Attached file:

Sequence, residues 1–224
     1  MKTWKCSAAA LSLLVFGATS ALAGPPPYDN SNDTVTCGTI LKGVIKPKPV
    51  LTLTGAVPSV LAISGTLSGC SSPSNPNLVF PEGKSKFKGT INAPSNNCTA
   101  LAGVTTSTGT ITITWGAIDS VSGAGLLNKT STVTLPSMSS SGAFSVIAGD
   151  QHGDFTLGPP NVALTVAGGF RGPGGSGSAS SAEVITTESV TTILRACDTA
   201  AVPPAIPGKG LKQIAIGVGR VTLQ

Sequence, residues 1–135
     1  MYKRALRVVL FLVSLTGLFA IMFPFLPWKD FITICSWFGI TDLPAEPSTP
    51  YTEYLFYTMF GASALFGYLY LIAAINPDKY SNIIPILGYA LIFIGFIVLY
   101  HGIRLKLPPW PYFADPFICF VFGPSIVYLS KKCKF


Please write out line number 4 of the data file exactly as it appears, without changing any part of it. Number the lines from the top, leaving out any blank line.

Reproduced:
   101  LAGVTTSTGT ITITWGAIDS VSGAGLLNKT STVTLPSMSS SGAFSVIAGD